There could be something funny in the works in the best comedy series category when primetime Emmy nominations are announced on July 6.
And it has nothing to do with laugh tracks and punchlines.
Because of changes this year to the Emmy nominating process, it's possible that a sleeper show like "Weeds" could catch fire with voters. Or that "Everybody Hates Chris" could find some love in unlikely circles.
On the flip side, there's the potential for Nielsen darling "Desperate Housewives" to get slapped down. Or for longtime Emmy fave "Will and Grace" turns into an ugly duckling during its swan song.
Under the old system, both shows would've been considered shoo-ins for nominations. But a new procedure asks TV academy voters to come up with a list of 10 finalists in the comedy series race. Those contenders are then handed off to a judging panel, which selects the five nominees after viewing episodes of each series.
This has the potential to cause a serious shift in the Emmy comedy landscape, where the biggest hits will no longer be the surest bets. It also opens the door for critical faves, which might otherwise have been lost amid ratings sensations.
So who figures to be laughing longest come nomination day? The new process makes that much harder to predict. But here's a look at a handful of shows that could benefit:
--"Scrubs": Although it debuted in 2001 to critics' cheers, the NBC series only received its first nominations for best comedy series and lead actor (Zach Braff) last year. Critics hope for an Emmy rerun this year. "If the world was a perfect and just place, 'Scrubs' would sweep the Emmy categories," asserts TV Guide senior editor Mike Ausiello.
--"Entourage": This HBO show broke through last year to reap a nomination for Jeremy Piven as Hollywood's most weasel-like talent agent (quite a distinction!), but it probably didn't do better because it's too young-skewing for the average TV academy voter. However, since voters will be forced to watch "Entourage" if it makes the finalist lists, it stands a better chance of making the cut.
--"Arrested Development": Critics continue to root for the past best-comedy champ, even though it has exited the airwaves. The show is unlikely to get much Emmy attention, since its producers aren't campaigning aggressively. Still, it will probably make the finalists' lists, so it should have a fair shot at a nomination.
--"The Comeback": Another canceled show with rotten luck, this Lisa Kudrow vehicle was a far better program than its reputation. Most critics say it deserves a comeback of its own at the Emmys, particularly for Kudrow.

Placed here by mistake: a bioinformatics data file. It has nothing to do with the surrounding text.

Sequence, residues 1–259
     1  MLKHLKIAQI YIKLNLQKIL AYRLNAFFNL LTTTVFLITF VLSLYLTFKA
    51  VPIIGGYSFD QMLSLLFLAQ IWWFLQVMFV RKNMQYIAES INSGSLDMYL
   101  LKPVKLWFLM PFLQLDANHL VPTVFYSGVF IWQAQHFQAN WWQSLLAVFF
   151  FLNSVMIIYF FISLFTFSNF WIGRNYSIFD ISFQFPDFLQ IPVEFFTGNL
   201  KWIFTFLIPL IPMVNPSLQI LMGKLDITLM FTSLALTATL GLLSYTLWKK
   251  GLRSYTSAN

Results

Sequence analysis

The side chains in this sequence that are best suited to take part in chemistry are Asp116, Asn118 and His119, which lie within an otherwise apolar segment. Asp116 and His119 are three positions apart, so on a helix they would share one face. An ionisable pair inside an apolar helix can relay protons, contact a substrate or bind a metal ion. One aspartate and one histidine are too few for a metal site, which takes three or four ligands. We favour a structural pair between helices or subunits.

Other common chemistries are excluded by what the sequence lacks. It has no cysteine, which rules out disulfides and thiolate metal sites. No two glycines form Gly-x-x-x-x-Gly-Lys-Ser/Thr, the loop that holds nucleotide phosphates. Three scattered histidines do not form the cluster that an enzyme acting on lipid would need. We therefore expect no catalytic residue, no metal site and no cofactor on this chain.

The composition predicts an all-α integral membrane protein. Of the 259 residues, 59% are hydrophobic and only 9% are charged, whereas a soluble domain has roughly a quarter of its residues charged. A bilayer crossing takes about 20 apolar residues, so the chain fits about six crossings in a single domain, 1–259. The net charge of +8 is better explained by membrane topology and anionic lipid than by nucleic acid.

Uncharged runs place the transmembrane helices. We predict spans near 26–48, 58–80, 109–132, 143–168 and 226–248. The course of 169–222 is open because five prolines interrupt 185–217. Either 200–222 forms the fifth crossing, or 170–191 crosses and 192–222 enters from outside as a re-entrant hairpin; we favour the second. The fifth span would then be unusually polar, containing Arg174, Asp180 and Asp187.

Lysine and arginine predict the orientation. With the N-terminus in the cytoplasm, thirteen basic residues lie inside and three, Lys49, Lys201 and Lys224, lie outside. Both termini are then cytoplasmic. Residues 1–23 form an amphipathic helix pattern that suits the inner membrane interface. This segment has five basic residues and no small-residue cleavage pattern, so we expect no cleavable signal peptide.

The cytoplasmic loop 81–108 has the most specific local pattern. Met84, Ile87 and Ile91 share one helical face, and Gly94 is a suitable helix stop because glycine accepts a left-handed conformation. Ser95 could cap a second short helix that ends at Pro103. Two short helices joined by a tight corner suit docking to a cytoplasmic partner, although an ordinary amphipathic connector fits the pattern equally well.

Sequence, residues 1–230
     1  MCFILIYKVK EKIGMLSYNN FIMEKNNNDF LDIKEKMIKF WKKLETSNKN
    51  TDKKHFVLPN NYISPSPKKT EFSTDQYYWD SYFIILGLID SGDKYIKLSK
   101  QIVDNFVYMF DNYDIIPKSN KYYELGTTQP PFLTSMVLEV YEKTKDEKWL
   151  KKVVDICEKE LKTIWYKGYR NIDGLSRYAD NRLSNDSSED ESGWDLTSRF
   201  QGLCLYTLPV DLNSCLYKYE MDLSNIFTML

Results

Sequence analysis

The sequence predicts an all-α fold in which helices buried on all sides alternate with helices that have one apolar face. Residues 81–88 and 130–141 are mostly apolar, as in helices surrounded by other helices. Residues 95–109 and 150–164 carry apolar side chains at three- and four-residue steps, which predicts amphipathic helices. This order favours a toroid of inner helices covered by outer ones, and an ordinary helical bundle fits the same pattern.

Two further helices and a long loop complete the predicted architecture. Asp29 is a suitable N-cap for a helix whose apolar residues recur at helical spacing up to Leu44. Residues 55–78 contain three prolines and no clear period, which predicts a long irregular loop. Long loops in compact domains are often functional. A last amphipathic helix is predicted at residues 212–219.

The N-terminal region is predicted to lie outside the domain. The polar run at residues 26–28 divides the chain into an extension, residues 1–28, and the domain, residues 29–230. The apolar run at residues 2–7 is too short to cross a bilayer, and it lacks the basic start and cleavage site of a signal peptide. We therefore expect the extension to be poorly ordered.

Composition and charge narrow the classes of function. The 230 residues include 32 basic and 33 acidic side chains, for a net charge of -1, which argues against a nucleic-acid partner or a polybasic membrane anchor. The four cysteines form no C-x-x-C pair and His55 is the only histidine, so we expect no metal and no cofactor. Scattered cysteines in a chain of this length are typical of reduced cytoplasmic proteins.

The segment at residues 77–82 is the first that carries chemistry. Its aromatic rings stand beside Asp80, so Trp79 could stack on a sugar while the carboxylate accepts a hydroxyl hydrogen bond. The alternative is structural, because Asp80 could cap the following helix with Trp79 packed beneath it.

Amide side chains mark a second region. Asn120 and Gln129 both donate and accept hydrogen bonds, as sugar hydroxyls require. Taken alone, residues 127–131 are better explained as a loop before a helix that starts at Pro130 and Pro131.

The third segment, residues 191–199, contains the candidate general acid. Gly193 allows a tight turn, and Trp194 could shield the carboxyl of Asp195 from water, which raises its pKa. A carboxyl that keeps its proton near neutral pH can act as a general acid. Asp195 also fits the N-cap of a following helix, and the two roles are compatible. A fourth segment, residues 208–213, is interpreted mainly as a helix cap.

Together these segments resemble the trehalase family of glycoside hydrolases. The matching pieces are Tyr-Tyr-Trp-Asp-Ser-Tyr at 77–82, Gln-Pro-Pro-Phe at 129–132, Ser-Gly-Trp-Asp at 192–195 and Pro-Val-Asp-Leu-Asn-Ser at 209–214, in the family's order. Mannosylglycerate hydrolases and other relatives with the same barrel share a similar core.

--"Two and a Half Men": TV's highest-rated comedy has been strangely overlooked by the academy to this point. Sure, supporting actresses Conchata Ferrell and Holland Taylor were nommed last year, but the men in the title have not and neither has the show itself. Especially deserving of Emmy recognition is Jon Cryer (Alan), who is "hilariously neurotic," according to USA Today critic Robert Bianco.
--"Everybody Hates Chris," "My Name Is Earl," "The Office" and "Weeds":These freshman and sophomore comedies were critical favorites, but figure to have a better chance at acting nods than show nominations. And while older Emmy voters have problems with all of these shows -- they're too bitchy, too young or too blue collar that may be less of a factor this year because of the new nomination procedure.
Not that this year's comedy race is likely to represent a complete changing of the guard. Those "Housewives" could still pack quite a punch, even though many believe the quality of "Housewives" dipped this year. The show's two-hour season finale was a TV masterpiece that figures to wow judges.
And yes, a two-hour "dramedy" can compete against half-hour sitcoms in this race. Emmy rules permit submissions to be double the length of a regular episode so that two-parters can be accommodated. In Hollywood, especially, size matters.
Many Emmy watchers are hoping the new process reaches out to "Gilmore Girls," which was voted best new program by the Television Critics of America when it debuted five years ago, but has never been nommed for a top Emmy.
Such consistent snubbing is one of the chief reasons that the new Emmy voting is being tried. TV academy chiefs have finally grown weary of critics fuming about neglect of those "Girls," particularly star Lauren Graham.
Emmy veteran "Will & Grace," which led last year's field with the most nominations, seems likely to be hurt the most by the changes to the nominating procedure. The consensus seems to be that the series is past its prime after eight years on the air, and voters will probably pick up on that vibe.Copyright © 2014, Los Angeles Times